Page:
Reference code(s): GB 0074 ACC/0716
Held at: London Metropolitan Archives
Title: STANWELL CUM MEMBRIS MANOR
Level of description: Collection
Extent: 0.01 linear metres (3 documents).
Name of creator(s): Manor of Stanwell
In 1086 Stanwell Manor was held by William fitz Other and in the time of King Edward it had belonged to Azor. The estate recorded in Domesday Book probably comprises most of the ancient parish except the manor of West Bedfont, which was already separate. In 1796 there were 539 acres copyhold of the manor, nearly all lying east of Stanwellmoor. By 1844 the lord of the manor owned Hammonds farm, Merricks farm (later known as Southern farm), and Park farm (later Stanhope farm), as well as about 84 acres around his house and a few other small areas. The manorial rights, house, and lands were separated in 1933.
William fitz Other, the Domesday tenant, was constable of Windsor castle and his descendants took the name of Windsor. They held Stanwell of Windsor castle for over four centuries, together with lands principally in Buckinghamshire and Berkshire. In 1485 Thomas Windsor left a widow, Elizabeth, who held Stanwell with her second husband Sir Robert Lytton. Thomas's son Andrew was summoned to parliament as Lord Windsor from 1529. Henry VIII compelled him in 1542 to surrender Stanwell in exchange for monastic lands in Gloucestershire and elsewhere. Sir Philip Hobby was made chief steward of the manor in 1545. Sir Thomas Paston was granted a 50-year lease during Edward VI's reign, and Edward Fitzgarret in 1588 secured a lease to run for 30 years from the end of Paston's term. In fact Fitzgarret was in possession when he died before 1590. His estate was much embarrassed and after litigation Stanwell passed to his son Garret subject to certain rent-charges to his daughter.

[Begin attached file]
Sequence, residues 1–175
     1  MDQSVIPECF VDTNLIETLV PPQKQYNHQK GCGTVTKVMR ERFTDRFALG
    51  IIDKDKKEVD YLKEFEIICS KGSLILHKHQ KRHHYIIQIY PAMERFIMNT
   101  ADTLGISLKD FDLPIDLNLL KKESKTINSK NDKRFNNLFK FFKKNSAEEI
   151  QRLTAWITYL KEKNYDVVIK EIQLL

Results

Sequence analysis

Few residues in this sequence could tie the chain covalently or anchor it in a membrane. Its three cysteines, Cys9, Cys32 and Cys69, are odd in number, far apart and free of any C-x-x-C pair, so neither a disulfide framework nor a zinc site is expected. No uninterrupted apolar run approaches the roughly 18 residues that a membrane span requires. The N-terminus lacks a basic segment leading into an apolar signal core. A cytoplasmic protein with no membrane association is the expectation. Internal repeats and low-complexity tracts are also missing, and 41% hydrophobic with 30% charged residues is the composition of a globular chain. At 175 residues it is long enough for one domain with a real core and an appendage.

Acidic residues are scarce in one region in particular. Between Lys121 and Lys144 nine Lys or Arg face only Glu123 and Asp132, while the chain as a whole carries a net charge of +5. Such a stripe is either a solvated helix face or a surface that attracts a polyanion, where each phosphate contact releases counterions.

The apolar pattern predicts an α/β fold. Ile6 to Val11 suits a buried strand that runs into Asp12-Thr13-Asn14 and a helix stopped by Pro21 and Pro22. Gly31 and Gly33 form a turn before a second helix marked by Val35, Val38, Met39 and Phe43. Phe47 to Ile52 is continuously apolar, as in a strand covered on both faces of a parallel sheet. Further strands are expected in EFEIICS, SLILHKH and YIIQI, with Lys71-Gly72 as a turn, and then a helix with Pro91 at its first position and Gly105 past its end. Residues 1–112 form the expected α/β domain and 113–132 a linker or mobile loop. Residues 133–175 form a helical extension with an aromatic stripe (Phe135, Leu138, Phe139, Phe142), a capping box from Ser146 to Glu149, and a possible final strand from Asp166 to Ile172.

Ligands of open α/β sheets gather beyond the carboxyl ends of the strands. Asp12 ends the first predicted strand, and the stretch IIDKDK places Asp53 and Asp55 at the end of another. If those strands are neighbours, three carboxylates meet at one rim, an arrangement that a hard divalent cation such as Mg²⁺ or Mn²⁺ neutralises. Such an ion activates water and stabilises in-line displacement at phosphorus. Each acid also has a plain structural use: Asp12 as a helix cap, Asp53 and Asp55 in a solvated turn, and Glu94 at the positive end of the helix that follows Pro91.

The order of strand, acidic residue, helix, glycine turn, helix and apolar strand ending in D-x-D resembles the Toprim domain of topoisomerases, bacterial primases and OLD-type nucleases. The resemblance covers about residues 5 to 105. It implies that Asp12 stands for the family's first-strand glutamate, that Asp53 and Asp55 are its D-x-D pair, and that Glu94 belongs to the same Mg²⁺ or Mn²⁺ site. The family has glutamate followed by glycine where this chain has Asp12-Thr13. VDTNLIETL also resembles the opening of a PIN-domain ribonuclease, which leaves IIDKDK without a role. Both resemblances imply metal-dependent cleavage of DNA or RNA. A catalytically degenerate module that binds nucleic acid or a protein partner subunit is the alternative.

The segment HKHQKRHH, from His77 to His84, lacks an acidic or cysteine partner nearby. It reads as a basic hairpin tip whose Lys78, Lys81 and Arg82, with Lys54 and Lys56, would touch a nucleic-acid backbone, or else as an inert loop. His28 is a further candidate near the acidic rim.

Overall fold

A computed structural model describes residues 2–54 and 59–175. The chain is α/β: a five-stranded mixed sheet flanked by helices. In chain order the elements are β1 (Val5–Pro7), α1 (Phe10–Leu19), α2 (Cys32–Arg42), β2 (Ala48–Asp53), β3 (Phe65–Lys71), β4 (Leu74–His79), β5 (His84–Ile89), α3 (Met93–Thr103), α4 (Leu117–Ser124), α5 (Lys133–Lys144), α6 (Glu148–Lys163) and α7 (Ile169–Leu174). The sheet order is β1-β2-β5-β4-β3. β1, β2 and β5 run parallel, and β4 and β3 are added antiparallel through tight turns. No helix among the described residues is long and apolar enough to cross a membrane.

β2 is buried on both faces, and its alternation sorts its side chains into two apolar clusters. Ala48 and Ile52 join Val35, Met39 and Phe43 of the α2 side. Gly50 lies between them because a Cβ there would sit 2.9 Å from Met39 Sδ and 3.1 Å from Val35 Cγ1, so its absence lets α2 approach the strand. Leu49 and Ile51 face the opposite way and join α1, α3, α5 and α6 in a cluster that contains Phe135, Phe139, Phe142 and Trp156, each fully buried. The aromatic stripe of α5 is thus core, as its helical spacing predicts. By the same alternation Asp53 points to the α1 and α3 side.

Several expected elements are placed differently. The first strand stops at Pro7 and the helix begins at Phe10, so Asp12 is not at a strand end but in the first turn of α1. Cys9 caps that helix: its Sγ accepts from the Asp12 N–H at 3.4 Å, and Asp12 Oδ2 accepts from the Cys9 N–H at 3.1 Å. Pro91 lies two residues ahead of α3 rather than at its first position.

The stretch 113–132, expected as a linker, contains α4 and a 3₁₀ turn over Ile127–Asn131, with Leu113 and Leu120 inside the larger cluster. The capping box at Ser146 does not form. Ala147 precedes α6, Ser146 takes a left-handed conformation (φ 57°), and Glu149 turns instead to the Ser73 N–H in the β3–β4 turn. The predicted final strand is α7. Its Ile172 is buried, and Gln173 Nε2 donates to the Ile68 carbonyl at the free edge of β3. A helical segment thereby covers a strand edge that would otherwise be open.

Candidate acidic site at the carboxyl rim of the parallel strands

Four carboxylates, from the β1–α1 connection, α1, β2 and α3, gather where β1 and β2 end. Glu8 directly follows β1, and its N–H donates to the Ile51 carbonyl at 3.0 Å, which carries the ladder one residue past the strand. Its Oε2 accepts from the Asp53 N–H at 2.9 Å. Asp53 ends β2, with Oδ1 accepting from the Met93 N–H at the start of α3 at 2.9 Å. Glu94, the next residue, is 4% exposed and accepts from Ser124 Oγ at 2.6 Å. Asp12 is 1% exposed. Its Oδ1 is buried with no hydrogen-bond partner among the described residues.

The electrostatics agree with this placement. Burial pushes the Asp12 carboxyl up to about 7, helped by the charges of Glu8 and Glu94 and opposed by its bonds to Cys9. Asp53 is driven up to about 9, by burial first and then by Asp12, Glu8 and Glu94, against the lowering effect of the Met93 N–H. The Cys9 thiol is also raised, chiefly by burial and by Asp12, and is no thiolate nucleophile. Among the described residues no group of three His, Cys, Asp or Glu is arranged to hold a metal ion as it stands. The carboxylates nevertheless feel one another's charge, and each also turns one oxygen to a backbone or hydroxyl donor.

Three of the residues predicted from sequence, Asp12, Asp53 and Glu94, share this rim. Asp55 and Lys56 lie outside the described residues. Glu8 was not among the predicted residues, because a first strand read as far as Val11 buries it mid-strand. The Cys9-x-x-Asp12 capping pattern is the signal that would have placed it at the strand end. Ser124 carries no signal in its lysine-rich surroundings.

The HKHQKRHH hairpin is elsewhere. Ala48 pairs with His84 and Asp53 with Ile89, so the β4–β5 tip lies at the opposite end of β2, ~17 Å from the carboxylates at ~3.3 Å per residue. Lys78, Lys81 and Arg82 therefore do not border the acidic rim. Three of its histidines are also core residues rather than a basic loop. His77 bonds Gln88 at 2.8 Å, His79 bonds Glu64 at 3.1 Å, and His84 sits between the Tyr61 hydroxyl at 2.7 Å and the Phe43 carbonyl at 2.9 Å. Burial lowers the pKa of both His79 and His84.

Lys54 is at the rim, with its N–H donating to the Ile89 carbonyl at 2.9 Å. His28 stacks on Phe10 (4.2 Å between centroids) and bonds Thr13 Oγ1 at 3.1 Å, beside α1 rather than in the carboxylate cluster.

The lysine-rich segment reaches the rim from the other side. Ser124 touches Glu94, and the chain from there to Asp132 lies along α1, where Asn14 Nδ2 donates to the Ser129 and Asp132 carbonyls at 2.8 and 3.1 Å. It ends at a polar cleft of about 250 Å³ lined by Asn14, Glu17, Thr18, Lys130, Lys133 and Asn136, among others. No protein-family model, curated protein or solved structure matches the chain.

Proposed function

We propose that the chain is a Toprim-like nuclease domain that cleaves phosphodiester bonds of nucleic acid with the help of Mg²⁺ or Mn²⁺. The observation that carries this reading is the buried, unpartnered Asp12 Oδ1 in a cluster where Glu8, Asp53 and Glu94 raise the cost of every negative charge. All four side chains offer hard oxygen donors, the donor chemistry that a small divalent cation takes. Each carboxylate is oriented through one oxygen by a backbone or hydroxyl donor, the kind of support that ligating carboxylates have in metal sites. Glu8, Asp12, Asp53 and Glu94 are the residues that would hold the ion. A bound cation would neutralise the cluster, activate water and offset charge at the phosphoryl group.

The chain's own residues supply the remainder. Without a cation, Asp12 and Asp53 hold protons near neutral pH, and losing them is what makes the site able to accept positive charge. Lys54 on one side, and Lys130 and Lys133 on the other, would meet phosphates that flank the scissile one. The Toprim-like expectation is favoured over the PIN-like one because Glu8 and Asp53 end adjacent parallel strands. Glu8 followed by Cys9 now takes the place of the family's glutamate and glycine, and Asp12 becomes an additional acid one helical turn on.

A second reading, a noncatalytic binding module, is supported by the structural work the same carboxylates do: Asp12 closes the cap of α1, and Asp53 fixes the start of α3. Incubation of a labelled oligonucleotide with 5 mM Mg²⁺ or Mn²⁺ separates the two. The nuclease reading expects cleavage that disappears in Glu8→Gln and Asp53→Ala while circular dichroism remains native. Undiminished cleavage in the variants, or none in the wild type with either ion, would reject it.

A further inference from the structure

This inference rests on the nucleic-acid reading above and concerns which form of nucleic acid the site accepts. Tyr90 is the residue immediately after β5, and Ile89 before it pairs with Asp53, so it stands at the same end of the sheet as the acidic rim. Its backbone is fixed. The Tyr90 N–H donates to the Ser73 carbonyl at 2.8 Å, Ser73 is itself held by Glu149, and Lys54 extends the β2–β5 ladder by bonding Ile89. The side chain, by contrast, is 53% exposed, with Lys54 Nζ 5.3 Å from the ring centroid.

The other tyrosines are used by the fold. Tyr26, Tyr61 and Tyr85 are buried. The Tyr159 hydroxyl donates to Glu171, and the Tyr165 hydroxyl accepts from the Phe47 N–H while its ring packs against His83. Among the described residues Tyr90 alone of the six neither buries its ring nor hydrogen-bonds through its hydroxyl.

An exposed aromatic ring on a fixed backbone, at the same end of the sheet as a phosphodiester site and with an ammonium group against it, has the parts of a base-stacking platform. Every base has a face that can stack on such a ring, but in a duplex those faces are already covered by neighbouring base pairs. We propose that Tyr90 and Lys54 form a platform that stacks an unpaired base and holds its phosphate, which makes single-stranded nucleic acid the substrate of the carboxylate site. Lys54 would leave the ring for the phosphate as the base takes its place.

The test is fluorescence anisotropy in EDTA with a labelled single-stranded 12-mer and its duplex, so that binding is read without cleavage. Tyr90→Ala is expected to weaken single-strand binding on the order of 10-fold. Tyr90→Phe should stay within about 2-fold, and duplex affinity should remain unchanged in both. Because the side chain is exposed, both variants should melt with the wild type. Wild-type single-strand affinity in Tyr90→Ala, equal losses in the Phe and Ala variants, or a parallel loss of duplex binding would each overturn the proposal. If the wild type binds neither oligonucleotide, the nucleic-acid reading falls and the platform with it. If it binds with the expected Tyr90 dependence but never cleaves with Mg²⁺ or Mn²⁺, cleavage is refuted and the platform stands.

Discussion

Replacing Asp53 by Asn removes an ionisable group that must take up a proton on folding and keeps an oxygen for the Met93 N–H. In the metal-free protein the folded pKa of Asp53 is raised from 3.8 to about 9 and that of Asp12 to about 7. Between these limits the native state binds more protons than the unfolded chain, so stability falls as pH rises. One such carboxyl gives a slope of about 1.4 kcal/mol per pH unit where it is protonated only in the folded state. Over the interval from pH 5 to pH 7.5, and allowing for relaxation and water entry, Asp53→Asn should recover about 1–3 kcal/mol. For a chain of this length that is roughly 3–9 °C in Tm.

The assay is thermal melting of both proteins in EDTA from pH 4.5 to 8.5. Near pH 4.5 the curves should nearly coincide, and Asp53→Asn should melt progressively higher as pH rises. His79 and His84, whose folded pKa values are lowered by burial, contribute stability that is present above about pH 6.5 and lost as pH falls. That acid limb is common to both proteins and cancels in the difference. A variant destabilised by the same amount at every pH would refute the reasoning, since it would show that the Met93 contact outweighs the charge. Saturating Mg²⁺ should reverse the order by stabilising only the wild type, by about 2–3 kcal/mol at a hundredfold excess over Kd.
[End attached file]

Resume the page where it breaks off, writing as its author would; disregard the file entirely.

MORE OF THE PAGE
In 1603 the freehold was granted to Sir Thomas Knyvett, who became Lord Knyvett in 1607. Knyvett and his wife both died in 1622, leaving their property to be shared between John Cary, the grandson of one of Knyvett's sisters, and Elizabeth Leigh, the granddaughter of another. Elizabeth married Sir Humphrey Tracy, and she and Cary held Stanwell jointly until her death. In 1678 the Knyvett estates were divided between Cary and Sir Francis Leigh, who was apparently Elizabeth's heir. Cary retained Stanwell, which he left to his great-niece Elizabeth Willoughby on condition that she married Lord Guildford; otherwise it was to pass to Lord Falkland. After Elizabeth's marriage to James Bertie she held the manor under a chancery decree until her death in 1715.
It then passed to Lucius Cary, Viscount Falkland (d. 1730), who sold it in 1720 to John, Earl of Dunmore (d. 1752). His trustees sold it in 1754 to Sir John Gibbons. It descended in the Gibbons family with the baronetcy until 1933, when the manorial rights were sold to H. Scott Freeman, clerk of Staines urban district council, who still held them in 1956.
Source: 'Stanwell: Manors', A History of the County of Middlesex: Volume 3: Shepperton, Staines, Stanwell, Sunbury, Teddington, Heston and Isleworth, Twickenham, Cowley, Cranford, West Drayton, Greenford, Hanwell, Harefield and Harlington (1962), pp. 36-41 (available online).
Scope and content/abstract:
Records of the Manor of Stanwell, comprising extracts from the court rolls relating to the ownership of property in Stanwell.
ACCESS AND USE
Language/scripts of material: English
System of arrangement:
3 items in chronological order.
Conditions governing access:
Available for general access.
Conditions governing reproduction:
Copyright to this collection rests with the depositor.
Please see online catalogues at: http://search.lma.gov.uk/opac_lma/index.htm
Immediate source of acquisition:
Records deposited in March 1960.
For further records relating to the Manor of Stanwell see ACC/0027 and ACC/0630.
Rules or conventions: Compiled in compliance with General International Standard Archival Description, ISAD(G), second edition, 2000; National Council on Archives Rules for the Construction of Personal, Place and Corporate Names, 1997.
Date(s) of descriptions: Records prepared May to September 2011.